Hot answers tagged technical
In the US, the most common term is defensive driving The standard Safe Practices for Motor Vehicle Operations, ANSI/ASSE Z15.1, defines defensive driving as "driving to save lives, time, and money, in spite of the conditions around you and the actions of others." It is a form of training for motor vehicle drivers that goes beyond mastery of the ...
String is probably still a bit "jargony" for many. Call it Text instead.
Pot is short for "potentiometer". It's the doodad behind the panel, connected to the knob, that divides the voltage ("potential") between two ends of an element. It does not mean knob, nor does it mean dial. Loosely also used to refer to a rheostat, which is an adjustable resistance rather than two resistances that are used to divide voltage.
Many analog gauges such as speedometers have a maximum marking which is technically not as high as you might be able to make the reading actually go. To prevent the indicator needle from going too far beyond that marking and possibly getting bent or otherwise damaged when it hits the casing, a small peg is placed at or slightly beyond the maximum marking. ...
I only heard them pronounced like this: Seven twenty p Ten eighty p I tend to work in this area. I work with videos a lot, so I'm around those values daily and I never heard any other variation.
Ooh! This is my field of expertise. =) Never use "string" to describe a series of characters, in any user interface element. The exception to this rule, is when the user is expected to be a developer (programmer, analyst, power user, etc.). If any, the user interface should use jargon with which the user is expected to be familiar. When using jargon in ...
Let's consider a definition of a virtual machine: A virtual machine is a software computer that, like a physical computer, runs an operating system and applications. The virtual machine is comprised of a set of specification and configuration files and is backed by the physical resources of a host. Every virtual machine has virtual devices that provide ...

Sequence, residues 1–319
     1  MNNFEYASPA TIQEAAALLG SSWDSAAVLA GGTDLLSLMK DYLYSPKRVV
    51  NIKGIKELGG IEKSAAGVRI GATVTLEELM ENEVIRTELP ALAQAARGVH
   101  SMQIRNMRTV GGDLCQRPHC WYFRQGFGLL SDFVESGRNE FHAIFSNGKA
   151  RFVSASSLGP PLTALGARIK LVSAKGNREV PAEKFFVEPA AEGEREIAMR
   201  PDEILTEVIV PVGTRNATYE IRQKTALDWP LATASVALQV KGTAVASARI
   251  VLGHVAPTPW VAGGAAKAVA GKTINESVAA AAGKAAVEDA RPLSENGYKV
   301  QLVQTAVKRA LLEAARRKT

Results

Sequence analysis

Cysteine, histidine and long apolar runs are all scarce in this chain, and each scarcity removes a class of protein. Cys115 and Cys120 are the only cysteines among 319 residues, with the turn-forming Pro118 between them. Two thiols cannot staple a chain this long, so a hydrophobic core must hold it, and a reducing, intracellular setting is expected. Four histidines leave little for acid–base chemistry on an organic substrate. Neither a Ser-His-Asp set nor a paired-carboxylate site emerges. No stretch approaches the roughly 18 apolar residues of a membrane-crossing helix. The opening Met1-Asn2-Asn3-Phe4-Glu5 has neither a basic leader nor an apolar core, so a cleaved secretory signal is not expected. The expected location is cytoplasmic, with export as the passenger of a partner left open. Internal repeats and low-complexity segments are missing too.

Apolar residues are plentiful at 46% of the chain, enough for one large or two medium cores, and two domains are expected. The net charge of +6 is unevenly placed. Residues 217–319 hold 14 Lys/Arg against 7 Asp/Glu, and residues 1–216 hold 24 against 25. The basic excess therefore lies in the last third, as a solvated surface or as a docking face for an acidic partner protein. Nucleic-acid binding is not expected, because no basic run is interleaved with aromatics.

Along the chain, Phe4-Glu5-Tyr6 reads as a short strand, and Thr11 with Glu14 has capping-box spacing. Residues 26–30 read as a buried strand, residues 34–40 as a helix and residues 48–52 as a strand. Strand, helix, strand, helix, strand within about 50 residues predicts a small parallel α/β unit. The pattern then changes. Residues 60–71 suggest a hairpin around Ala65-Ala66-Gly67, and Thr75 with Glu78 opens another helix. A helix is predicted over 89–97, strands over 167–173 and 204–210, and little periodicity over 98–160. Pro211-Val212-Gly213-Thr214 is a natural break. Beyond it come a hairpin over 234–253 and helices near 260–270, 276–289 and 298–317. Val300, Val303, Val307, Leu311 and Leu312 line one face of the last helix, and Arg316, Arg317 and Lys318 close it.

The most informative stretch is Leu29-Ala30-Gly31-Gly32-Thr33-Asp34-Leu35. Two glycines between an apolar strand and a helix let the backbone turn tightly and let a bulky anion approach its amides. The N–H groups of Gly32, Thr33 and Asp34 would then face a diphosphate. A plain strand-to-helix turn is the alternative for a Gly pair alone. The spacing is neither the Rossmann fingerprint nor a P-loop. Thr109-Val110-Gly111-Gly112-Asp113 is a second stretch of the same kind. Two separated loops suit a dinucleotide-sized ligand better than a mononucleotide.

I would go so far as to say that unless you are very sure of your audience, you should not use "escamotage" at all, as it is not in broad circulation (0 hits at the Corpus of Contemporary American English(COCA)) . If you don't want to label it a hack, a short descriptive phrase such as "short-term patch" or "temporary workaround" that emphasize that it is ...
Speaking from a statistical perspective, it is definitely possible to create factual statements that have a bias. It's important to keep in mind the definition here: noun prejudice in favor of or against one thing, person, or group compared with another, usually in a way considered to be unfair. I ...
"Layman" is a perfectly acceptable term. No one is an expert in every field. It refers to a person who is not an expert in the field. Very educated and accomplished people are laymen in fields not related to their own. For instance a neurosurgeon may know nothing about economics or paleo-botany and may ask: "Could you please describe that in layman's terms."...
I was on the ANSI committee that defined the 5 1/4 inch floppy specification (ANSI X3-B8) back around 1980. Even then, among all the existing manufacturers, there was no consensus about disk versus disc versus diskette. So both "disk" and "disc" are correct. As an aside, that was a pretty rockin' crew. That ANSI committee met three times a year, and ...
Yes, according to Wikipedia the dis-k version of the word has been used to refer to magnetic storage media since the 1950s when IBM (a US company) pioneered the first hard drive. Subsequently the advent of optical media from companies such as Philips (Who are Dutch and therefore used the European spelling) and Sony meant that the form dis-c was chosen. ...
There is a term, "defensive driving" which encompasses what you mention. Defensive driving is a form of training for motor vehicle drivers that goes beyond mastery of the rules of the road and the basic mechanics of driving. Its aim is to reduce the risk of collision by anticipating dangerous situations, despite adverse conditions or the mistakes of ...
"Pot" comes from "Potentiometer". http://en.m.wikipedia.org/wiki/Potentiometer These are under the knobs and are the active part.